Ford to move forward with $3.5 billion EV battery plant with Chinese company
- Ford said it will collaborate with a Chinese supplier on a new $3.5 billion battery plant for electric vehicles in Michigan, despite ongoing tensions between the U.S. and China.
- Ford will own the new facility through a wholly owned subsidiary instead of operating it as a joint venture with CATL, which several automakers have done with non-China partners in the U.S.
- The plant is expected to open in 2026 and employ about 2,500 people, according to the Detroit automaker.
DETROIT – Ford Motor said Monday it will collaborate with a Chinese supplier on a new $3.5 billion battery plant for electric vehicles in Michigan, despite tensions between the U.S. and China.
The anticipated announcement of the deal between Ford and Contemporary Amperex Technology Co., or CATL, follows Virginia Gov. Glenn Youngkin saying he was withdrawing the state from a competitive process to attract the planned Ford plant over its connection to the Chinese company.
Lisa Drake, Ford’s vice president of EV industrialization, said the automaker will own the new facility through a wholly owned subsidiary instead of operating it as a joint venture with CATL, which several automakers, including Ford, have done with non-China partners in the U.S. She said the company will license the technology from CATL, including technical expertise.
“The LFP technology is already here in the U.S. It’s in a lot of consumer electronics devices, it’s actually in another OEM product, but, unfortunately, it’s always imported,” Drake said during a media call. “This project is aimed at de-risking that by actually building out the capacity and the capability to scale this technology in the United States, where Ford has control.”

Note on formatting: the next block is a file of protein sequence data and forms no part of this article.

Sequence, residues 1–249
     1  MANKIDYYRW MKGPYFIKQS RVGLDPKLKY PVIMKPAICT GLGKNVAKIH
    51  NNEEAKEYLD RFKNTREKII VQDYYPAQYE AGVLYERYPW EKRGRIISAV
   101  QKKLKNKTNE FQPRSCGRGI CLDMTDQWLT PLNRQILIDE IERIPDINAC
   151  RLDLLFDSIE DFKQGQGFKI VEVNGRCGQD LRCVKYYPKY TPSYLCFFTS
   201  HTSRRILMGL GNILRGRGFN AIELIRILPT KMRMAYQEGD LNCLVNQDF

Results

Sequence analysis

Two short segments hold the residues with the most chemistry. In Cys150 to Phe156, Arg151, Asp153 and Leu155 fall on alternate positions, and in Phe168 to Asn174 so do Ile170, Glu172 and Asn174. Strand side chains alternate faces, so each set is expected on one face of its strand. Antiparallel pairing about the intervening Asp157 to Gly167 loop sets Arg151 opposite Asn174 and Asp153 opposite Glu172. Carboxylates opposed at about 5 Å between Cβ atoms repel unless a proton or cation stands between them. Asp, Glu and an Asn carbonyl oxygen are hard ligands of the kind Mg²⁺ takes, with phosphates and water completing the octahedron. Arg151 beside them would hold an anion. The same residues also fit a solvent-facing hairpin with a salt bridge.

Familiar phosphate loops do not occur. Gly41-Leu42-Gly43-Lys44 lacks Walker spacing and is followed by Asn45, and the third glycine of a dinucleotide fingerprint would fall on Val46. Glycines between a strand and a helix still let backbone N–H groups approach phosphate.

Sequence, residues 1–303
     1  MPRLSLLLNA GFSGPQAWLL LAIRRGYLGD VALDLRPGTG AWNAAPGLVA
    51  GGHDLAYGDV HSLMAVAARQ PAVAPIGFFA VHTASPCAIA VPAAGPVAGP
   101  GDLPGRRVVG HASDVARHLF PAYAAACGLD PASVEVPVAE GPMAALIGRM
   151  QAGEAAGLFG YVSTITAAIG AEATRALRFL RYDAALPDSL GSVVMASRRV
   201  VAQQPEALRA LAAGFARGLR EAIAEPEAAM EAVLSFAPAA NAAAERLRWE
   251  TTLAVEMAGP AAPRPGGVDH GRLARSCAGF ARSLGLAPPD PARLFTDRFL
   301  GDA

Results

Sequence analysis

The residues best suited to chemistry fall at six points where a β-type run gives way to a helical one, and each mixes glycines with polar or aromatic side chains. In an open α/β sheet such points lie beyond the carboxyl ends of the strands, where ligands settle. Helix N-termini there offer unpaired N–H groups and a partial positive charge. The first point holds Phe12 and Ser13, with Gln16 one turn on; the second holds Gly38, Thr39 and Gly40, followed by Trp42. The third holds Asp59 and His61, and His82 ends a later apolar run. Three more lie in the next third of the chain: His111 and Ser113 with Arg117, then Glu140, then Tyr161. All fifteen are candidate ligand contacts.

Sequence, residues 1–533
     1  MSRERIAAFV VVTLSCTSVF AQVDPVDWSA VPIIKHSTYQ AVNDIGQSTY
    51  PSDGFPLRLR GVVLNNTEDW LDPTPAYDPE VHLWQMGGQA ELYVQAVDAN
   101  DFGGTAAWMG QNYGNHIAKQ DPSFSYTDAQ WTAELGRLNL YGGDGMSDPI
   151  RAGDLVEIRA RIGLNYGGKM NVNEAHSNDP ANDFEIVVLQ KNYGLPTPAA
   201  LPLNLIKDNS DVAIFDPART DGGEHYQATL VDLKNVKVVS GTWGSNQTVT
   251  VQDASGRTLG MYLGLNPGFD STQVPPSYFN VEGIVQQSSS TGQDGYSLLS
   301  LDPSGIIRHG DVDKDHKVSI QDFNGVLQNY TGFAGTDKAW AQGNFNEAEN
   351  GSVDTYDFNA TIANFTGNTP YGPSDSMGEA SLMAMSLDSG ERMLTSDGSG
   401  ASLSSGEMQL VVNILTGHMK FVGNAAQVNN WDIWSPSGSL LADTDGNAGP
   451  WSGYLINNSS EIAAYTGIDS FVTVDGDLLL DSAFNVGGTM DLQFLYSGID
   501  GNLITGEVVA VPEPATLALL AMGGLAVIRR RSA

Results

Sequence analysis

Ford Chair Bill Ford said CATL will assist in getting the automaker “up to speed so that we can build these batteries ourselves.”
“Manufacturing these new batteries in America will help us build more EVs faster and will ultimately make them more affordable for our customers,” he said Monday during an event announcing the investment.
Ford declined to comment on the financial details of the licensing agreement with CATL.
The plant is expected to open in 2026 and employ about 2,500 people, according to the Detroit automaker. It will produce new lithium iron phosphate batteries, or LFP, as opposed to pricier nickel cobalt manganese batteries, which the company is currently using. The new batteries are expected to offer different benefits at a lower cost, assisting Ford in increasing EV production and profit margins.
Ford follows EV leader Tesla using LFP batteries in a portion of its vehicles in part to reduce the amount of cobalt needed to procure to make battery cells and high-voltage battery packs.
Ford CEO Jim Farley said Monday the batteries will be among the least expensive to produce, citing better pricing for customers and wider profits for the automaker.
Drake said Ford is not necessarily concerned about the Chinese government interfering with the deal, saying the companies “certainly thought through that and those are provisions,” including optionality in the contract.